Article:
Throughout the webinar, Riley’s mother identifies several privileges she and her family had that influenced what they were able to provide for Riley in terms of her bilingual development.  What are the privileges she mentioned?  Based on what she has shared and what you’ve learned this semester, re-imagine an early intervention system that would work for families and give children and parents the support and opportunities they need.  What personnel/human capital would be involved?  What resources would be provided?  What would the goals and outcomes be?  What would the EI experience be like for parents and their children from the moment they enter the system?

Sample Answer

Sample Answer


Redesigning Early Intervention for Bilingual Development: Ensuring Support and Opportunities for All Families


Early intervention is crucial for children’s development, particularly when it comes to bilingualism. However, not all families have equal access to resources and support, leading to disparities in language development outcomes. This essay aims to reimagine an early intervention system that addresses these disparities and provides comprehensive support and opportunities for all families. By examining the privileges mentioned by Riley’s mother in the webinar and drawing upon the knowledge gained this semester, we can create a more inclusive and equitable early intervention experience.

Identifying Privileges

During the webinar, Riley’s mother mentioned several privileges that influenced their ability to provide for Riley’s bilingual development. These privileges include:

Financial stability: The family had the financial means to access various resources, such as sign language classes, private tutors, and educational materials.

Access to information: Riley’s mother had a background in education and was knowledgeable about language development and bilingualism. This knowledge allowed her to make informed decisions and advocate for Riley’s needs effectively.

Supportive network: The family had a strong support system, including friends, family, and professionals, who provided guidance and assistance throughout Riley’s language journey.

Redesigning Early Intervention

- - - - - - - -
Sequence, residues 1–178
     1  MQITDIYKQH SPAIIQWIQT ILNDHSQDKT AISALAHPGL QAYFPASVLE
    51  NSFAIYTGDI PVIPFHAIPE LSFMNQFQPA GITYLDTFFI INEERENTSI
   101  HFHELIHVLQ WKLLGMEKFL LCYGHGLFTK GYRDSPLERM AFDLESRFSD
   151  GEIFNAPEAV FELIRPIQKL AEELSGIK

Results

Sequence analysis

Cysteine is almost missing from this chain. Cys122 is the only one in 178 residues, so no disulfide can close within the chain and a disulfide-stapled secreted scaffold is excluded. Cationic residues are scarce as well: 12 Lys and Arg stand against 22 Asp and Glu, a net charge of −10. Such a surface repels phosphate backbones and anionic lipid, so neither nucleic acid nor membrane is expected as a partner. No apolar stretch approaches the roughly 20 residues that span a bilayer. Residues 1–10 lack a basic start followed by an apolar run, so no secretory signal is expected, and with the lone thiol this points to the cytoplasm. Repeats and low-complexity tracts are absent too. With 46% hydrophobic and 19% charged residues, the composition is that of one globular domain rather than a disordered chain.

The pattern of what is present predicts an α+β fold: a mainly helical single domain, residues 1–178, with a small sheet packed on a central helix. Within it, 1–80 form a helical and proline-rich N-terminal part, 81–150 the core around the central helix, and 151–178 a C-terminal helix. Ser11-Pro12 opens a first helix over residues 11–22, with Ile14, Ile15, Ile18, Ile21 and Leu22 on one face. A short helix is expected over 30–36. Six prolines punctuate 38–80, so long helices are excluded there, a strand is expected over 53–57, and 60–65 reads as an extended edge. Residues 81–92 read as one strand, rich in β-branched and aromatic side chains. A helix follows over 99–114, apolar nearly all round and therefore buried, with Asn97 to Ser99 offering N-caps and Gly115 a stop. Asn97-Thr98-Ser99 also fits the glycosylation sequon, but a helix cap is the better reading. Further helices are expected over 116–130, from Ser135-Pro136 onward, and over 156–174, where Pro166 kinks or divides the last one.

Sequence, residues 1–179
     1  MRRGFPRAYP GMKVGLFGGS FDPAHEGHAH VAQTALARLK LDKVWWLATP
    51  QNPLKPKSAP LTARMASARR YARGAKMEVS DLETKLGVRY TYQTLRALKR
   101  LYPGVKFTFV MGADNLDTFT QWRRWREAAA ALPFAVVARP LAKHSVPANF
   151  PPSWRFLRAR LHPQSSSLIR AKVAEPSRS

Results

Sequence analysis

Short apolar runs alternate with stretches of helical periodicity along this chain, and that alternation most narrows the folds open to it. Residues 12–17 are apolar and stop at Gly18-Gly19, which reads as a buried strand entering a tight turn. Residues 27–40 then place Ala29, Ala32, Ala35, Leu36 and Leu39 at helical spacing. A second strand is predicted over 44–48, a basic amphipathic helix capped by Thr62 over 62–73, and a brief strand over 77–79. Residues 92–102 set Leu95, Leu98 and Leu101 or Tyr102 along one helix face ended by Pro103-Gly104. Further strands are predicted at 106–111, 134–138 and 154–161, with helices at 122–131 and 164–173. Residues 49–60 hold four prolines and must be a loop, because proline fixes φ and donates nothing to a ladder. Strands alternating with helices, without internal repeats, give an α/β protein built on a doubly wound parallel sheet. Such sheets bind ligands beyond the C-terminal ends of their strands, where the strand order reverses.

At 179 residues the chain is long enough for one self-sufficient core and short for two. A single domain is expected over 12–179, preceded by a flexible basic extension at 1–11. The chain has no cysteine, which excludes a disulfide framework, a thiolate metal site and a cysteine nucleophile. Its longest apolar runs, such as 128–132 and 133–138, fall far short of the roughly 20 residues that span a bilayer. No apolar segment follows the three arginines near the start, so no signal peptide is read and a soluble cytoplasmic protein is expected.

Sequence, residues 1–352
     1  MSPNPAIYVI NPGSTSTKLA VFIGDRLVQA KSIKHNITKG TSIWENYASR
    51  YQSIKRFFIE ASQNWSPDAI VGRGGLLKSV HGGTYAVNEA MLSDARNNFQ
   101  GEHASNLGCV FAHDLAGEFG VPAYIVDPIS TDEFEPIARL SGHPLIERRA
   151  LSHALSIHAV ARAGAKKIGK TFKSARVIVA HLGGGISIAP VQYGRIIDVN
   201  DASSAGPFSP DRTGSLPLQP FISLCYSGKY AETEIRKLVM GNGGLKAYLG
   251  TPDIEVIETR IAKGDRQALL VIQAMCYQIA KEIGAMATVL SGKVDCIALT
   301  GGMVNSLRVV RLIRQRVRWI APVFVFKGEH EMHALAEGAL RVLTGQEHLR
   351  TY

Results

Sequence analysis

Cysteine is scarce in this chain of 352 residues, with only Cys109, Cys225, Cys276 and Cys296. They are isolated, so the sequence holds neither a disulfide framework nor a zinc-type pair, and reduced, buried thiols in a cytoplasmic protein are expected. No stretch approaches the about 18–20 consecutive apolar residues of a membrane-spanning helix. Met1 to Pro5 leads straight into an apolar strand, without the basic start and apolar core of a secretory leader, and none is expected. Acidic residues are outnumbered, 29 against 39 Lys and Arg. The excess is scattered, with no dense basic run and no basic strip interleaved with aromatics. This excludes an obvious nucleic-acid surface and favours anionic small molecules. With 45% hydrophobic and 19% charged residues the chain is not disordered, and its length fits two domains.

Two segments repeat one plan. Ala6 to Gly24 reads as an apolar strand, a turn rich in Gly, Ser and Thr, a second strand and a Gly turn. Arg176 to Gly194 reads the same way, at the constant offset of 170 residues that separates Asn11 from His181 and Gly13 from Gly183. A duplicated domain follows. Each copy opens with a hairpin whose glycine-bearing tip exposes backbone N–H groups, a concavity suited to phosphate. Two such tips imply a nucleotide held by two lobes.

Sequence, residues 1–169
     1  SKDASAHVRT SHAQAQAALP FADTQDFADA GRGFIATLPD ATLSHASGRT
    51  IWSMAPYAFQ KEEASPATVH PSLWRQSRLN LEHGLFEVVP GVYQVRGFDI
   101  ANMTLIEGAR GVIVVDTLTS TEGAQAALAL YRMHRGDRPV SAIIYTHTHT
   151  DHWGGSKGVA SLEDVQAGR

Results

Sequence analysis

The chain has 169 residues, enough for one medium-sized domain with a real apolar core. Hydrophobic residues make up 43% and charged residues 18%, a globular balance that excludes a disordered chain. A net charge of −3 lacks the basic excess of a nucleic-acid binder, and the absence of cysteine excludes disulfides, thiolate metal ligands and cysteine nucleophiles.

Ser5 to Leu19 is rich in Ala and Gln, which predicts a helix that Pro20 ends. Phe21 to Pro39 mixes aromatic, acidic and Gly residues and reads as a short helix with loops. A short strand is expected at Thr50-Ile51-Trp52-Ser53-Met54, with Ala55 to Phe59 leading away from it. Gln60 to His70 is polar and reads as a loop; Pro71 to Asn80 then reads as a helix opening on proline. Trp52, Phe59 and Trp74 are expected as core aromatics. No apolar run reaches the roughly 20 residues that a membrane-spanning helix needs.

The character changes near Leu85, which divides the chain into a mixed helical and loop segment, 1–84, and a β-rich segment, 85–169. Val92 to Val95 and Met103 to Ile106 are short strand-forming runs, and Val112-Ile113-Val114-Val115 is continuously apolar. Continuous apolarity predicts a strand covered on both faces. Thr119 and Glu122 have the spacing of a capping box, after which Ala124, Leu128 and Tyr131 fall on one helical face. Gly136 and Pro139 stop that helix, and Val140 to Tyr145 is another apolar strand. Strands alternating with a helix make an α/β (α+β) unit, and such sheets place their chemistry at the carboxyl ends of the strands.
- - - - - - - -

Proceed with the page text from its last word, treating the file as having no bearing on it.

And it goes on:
To create a more inclusive early intervention system that supports all families, several key components should be considered:

Personnel/Human Capital

Bilingual professionals: The system should include bilingual professionals who are trained in supporting bilingual language development. These professionals should have expertise in both the target languages spoken by the child.

Cultural liaisons: Culturally sensitive personnel from diverse backgrounds should serve as liaisons between families and service providers. They can bridge any cultural gaps and ensure that families’ unique needs are understood and addressed.


Accessible and affordable resources: Families should have access to affordable resources such as books, educational materials, and language learning tools in both languages. Online platforms and libraries could provide a wide range of resources that cater to different linguistic needs.

Financial assistance: Financial support should be available to families who face economic barriers, ensuring that they can access necessary interventions without financial burdens.

Goals and Outcomes

Individualized plans: Each child should have an individualized plan based on their unique needs and strengths. This plan should include specific language goals that align with the child’s cultural background and family preferences.

Long-term language development: The focus should be on long-term language development rather than short-term milestones. The system should support children in becoming fluent speakers in both languages, while also fostering cultural identity and pride.

The EI Experience

Holistic approach: The early intervention system should take a holistic approach by considering all aspects of a child’s life, including their home environment, family dynamics, and cultural background.

Parental involvement and empowerment: Parents should be active participants in their child’s intervention process. They should receive training, guidance, and ongoing support to facilitate their child’s language development at home.

Culturally responsive practices: Service providers should be sensitive to the cultural backgrounds of families they work with. They should incorporate cultural elements into interventions, respecting and valuing the diverse linguistic and cultural identities of children and their families.


By reimagining the early intervention system for bilingual development, we can level the playing field and ensure that all families have access to the support and opportunities they need. By incorporating bilingual professionals, providing accessible resources, setting individualized goals, and fostering parental involvement, we can create an inclusive and empowering early intervention experience. This redesigned system will promote equitable language development outcomes for all children, regardless of their family’s privileges or socio-economic background, leading to a more linguistically diverse and inclusive society.

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